FRETTING over the state of your fretwork? You are not alone. Bendigo's rich history is one of the things that makes it an ideal setting for the 2022 Lost Trades Fair, founder and organiser Lisa Rundell has said.
The delicate details that festoon many of the region's homes and public spaces have given the city's residents an important insight into the everyday management of heritage items.
"In Bendigo you're living with your history. It's not all tucked away safely in a museum,'' Ms Rundell said.
"It's fortunate that so many things were built to last. But I know that there are a lot of people wanting to know what to do if a rare lead light feature is broken or things need to be repaired or replaced. I think that's where the fair is a really valuable opportunity to get in touch with the artisans who know these crafts and can answer questions."
The Lost Trades Fair gives visitors the opportunity to see how things are made by hand. It attracts fretwork pattern makers, blacksmiths, toolmakers, silversmiths, clockmakers, woodworkers, bookbinders and many other experts.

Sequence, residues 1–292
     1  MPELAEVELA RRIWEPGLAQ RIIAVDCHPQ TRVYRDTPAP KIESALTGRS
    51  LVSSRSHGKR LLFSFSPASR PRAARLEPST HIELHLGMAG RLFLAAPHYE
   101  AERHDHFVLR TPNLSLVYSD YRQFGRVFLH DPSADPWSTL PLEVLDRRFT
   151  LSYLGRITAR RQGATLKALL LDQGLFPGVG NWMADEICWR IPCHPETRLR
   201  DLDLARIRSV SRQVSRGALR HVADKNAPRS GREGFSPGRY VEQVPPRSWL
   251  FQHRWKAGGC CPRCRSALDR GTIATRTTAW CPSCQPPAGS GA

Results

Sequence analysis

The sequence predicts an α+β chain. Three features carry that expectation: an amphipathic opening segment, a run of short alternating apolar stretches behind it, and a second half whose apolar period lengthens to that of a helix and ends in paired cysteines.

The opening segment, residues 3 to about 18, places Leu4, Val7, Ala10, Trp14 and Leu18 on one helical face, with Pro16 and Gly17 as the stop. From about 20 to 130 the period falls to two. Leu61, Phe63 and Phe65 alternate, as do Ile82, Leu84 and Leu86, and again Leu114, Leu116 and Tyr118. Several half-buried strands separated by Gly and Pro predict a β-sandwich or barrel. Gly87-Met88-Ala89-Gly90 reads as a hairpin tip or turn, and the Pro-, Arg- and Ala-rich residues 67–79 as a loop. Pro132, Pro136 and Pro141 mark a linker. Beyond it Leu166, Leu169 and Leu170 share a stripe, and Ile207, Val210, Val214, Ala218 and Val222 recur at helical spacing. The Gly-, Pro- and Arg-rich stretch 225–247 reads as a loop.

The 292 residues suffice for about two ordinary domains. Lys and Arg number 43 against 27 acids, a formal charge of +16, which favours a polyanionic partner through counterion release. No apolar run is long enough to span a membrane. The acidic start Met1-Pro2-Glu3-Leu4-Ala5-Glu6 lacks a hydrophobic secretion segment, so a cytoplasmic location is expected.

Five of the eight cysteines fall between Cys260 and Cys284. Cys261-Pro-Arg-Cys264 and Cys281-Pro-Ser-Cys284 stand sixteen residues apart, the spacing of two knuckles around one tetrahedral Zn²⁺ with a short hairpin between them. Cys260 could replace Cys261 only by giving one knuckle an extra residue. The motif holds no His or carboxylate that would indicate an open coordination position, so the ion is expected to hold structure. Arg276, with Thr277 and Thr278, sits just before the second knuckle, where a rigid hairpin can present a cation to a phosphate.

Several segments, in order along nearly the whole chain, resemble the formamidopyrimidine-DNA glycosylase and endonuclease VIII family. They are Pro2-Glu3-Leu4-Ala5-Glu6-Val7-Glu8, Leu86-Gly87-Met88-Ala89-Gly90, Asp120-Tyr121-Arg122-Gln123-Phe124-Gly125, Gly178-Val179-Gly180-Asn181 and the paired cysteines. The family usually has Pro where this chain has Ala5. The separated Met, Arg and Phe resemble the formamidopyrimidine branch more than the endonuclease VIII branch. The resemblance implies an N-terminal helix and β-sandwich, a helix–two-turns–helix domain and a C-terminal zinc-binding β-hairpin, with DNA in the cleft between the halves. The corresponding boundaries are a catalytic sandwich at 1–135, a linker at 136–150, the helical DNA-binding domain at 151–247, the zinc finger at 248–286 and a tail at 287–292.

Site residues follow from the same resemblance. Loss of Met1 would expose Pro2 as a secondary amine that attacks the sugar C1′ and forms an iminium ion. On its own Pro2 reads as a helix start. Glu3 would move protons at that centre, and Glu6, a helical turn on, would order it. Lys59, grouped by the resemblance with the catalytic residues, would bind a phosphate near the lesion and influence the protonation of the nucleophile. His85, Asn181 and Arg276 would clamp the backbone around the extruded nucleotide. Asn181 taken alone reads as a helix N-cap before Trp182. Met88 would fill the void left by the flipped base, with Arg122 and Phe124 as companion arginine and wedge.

The event is considered one the the largest traditional trades events in Australia and is returning after a year off due to the COVID-19 pandemic.
Ms Rundell said it would be held at the Bendigo Racecourse on March 19 and 20 from 9.30am-5pm.
"We have artisans coming from other states of Australia and we hope it might be possible to have some international ones come to join us too - but that will be depend on the rules closer to the date,'' she said.
"We have had about 12 new artisans contact us who have never been at the fair before and it will be exciting to have them there. We want to uncover things people have not seen before."
Our journalists work hard to provide local, up-to-date news to the community. This is how you can access our trusted content:
Sign up for our newsletter to stay up to date.